This is a discussion on He called it, "taking control of the situation" within the Carry & Defensive Scenarios forums, part of the Defensive Carry Discussions category; Originally Posted by fox2102 Anytime someone points a loaded gun at me in an aggressive manner my gun is coming out. I'd agree. The range ...
The range I frequent is one where a woman rented a gun and committed suicide. Maybe I'm just a little paranoid, but when I go to the range, I don't trust anyone as anyone could be the next nut job to commit suicide, but may want to take a few others with them. I watch/observe everyone that's there. If I get a bad vibe, I'm outta there.
I don't feel safe around people with bad safety/firearm handling practices either. This range has thick, bullet proof glass separating the lanes. During a session a while back, a guy had a problem with his Glock and it didn't fire for some reason. He leans it over, pulls the trigger and BAM, right into the glass. I packed up and left.
What strikes me strange is you don't mention anything about any Range Officers? Most Have to have them,were were they?Seems to me if they were there both people would have been removed from the range by the police!
I would probably have ventilated him profusely,you point a loaded gun at me and that is a deadly threat,try pointing a gun at a cop and see what happens
"Outside of the killings, Washington has one of the lowest crime rates in the country,"
--Mayor Marion Barry, Washington , DC .
I am so glad I can shoot in my back yard or go to any one of a hundred spots to shoot, including a couple of informal out door ranges no one else is ever at. These range stories just plain suck
Abort the Obamanation not the Constitution
Those who would, deny, require permit, license, certification, or authorization for me to bear arms are as vile, dangerous & evil as those who would molest, abuse, assault, rape or murder my family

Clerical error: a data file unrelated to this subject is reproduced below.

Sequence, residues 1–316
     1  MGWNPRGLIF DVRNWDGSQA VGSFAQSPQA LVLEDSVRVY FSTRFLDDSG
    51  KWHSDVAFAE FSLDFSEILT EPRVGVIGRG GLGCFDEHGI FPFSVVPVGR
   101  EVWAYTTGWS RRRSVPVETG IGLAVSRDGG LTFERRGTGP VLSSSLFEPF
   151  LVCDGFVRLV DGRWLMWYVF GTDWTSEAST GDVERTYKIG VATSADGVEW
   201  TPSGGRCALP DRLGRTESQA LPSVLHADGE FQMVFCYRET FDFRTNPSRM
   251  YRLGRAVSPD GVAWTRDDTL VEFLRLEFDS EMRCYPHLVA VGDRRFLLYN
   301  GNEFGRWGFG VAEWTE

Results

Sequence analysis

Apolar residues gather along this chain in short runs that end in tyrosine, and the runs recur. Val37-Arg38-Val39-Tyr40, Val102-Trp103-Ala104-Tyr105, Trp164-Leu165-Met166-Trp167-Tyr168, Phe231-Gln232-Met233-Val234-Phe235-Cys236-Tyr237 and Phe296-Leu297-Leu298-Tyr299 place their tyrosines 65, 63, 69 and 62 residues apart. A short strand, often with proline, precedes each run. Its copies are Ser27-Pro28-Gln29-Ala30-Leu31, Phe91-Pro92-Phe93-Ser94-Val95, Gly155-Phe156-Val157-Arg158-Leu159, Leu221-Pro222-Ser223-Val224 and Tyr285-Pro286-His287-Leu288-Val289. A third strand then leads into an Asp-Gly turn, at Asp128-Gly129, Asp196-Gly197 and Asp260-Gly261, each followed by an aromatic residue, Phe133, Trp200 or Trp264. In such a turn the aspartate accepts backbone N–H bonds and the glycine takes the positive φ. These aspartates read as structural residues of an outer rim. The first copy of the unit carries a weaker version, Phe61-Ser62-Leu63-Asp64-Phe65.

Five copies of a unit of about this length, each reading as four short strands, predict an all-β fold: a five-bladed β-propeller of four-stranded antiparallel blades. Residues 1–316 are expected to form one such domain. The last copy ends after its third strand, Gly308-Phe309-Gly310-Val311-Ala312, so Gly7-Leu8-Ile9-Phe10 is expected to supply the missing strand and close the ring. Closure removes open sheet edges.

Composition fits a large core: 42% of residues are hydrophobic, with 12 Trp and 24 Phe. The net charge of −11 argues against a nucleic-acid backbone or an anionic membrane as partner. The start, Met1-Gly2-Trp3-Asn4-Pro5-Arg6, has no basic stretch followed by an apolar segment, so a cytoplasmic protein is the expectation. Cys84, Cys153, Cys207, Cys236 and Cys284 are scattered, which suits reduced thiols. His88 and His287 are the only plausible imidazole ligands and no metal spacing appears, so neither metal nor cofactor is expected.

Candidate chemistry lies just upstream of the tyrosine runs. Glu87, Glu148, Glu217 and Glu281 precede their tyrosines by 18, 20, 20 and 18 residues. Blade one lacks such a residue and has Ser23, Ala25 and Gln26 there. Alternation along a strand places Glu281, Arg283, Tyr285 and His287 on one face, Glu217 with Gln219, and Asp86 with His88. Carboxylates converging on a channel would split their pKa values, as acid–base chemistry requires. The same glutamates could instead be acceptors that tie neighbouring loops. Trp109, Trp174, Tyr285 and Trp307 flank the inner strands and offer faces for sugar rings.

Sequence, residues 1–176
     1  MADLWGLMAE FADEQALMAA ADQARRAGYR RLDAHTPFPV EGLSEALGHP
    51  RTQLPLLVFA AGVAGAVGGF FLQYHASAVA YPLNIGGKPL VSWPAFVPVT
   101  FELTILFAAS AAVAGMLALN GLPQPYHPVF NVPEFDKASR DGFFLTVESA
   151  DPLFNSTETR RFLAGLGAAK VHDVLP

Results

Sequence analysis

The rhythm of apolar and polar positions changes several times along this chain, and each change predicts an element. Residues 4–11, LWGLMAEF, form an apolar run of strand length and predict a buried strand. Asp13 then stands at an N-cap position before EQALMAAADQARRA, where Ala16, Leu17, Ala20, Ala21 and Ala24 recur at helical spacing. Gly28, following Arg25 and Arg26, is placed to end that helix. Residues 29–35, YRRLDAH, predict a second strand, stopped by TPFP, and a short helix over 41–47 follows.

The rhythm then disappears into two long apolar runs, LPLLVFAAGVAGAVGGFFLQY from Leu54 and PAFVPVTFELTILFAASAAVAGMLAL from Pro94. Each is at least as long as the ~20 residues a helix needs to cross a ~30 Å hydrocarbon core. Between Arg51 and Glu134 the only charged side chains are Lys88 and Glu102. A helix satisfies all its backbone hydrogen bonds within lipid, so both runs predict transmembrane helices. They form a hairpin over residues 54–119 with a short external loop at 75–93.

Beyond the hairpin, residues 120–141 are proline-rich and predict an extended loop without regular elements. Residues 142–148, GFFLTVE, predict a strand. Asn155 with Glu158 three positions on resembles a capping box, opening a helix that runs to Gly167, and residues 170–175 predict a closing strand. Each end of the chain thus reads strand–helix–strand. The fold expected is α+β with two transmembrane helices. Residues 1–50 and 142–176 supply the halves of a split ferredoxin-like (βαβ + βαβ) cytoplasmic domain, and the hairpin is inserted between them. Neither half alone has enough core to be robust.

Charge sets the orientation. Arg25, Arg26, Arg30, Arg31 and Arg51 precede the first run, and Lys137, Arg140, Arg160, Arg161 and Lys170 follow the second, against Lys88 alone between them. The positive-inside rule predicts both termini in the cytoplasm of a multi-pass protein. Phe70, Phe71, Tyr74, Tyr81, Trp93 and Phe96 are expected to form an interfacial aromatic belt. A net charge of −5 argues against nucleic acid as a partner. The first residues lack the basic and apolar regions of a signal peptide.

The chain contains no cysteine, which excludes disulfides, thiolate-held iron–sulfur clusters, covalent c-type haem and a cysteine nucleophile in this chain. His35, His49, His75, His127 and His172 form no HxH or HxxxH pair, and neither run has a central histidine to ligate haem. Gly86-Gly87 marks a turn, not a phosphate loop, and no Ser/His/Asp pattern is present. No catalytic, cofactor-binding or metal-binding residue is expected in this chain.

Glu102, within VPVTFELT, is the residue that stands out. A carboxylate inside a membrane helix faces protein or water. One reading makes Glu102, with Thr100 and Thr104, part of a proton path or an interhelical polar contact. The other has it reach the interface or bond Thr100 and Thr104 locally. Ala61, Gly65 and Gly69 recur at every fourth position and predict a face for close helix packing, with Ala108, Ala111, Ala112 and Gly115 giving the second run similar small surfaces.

I realize this is a slightly dated post but I think I may have something to contribute.
It's unclear from the post whether or not the shooter pointed the pistol intentionally or not; the way the story is told it appears intentional, but we must remember the OP got it second hand. Also unsaid is the distance between the two persons. This would affect the options. There is no mention of rangemaster’s actions or if there was a rangemaster! Finally, there is no mention of a final outcome of the incident. What is clear is the following:
1. Range safety violation by pistol not pointed downrange.
2. Shooter not adequately trained regarding cease-fire command.
3. No shots fired.
4. Cops not called.
So, what can we take from this? Training, training, training!
1. Expect the unexpected.
2. Think through as many scenarios as we can in advance. This will allow us to see our best options as we do our analysis while not under pressure.
3. Always train. Not just shooting but all the ancillary skills such as weapon retention, de-escalation, disarms and hand-to-hand skills (perhaps a favored option when up close against a drawn and pointed gun).
4. The psychology of controlling the situation. Cops do this every day and we can learn a lot from them. Hanging out at some of the LEO web site forums can be very instructive.
We try to make clearer the shoot / don’t shoot decision in a world that seldom presents us with such black or white options. There’s a lot of gray area and God forbid that I shoot when I shouldn’t or don’t shoot when I should.
In the final analysis, everybody went home alive and that means something went right!
What your friend did was probably a good choice for him, but it would have been a poor choice for me, for two reasons:
1. I'm a salesman by trade. and;
2. I'm a terrible shot...meaning I woulda had a better chance of talking my way out of it than shooting my way out of it with a guy who was already pointing his gun in my direction.
A gun is pointed at me or anyone else, he is gonna get what he deserve. You treat him exactly just like a common criminal.
It could've turned out differently.
Scenario #1: Friend draws, Glockman shoots friend, friend dies.
Scenario #2: Friend draws, Glockman doesn't shoot first, but doesn't comply. Friend shoots Glockman, Glockman dies. Friend needs $25,000 for lawyer. Friend gets off. Scenario #3: Friend draws, Glockman doesn't shoot first, but doesn't comply. Friend shoots Glockman, Glockman dies. Friend gets 6 years.
Scenario #4: Friend draws, Glockman doesn't shoot first, but doesn't comply. Friend doesn't shoot. Friend tackles Glockman. Another range shooter shoots both.
That your friend was comfortable drawing his weapon without shooting says he didn't feel he was in immediate danger, but rather was "restoring order", which he likely wasn't legally authorized to do by pointing a weapon. If he felt his life was in danger, he would've shot. He likely drew to exercise authority. Bad idea.
If you have justification to shoot, you have justification to draw. The justification for lethal force does not negate the use of lesser force.
He chose to give the idiot one chance to remain among the living. The idiot took it.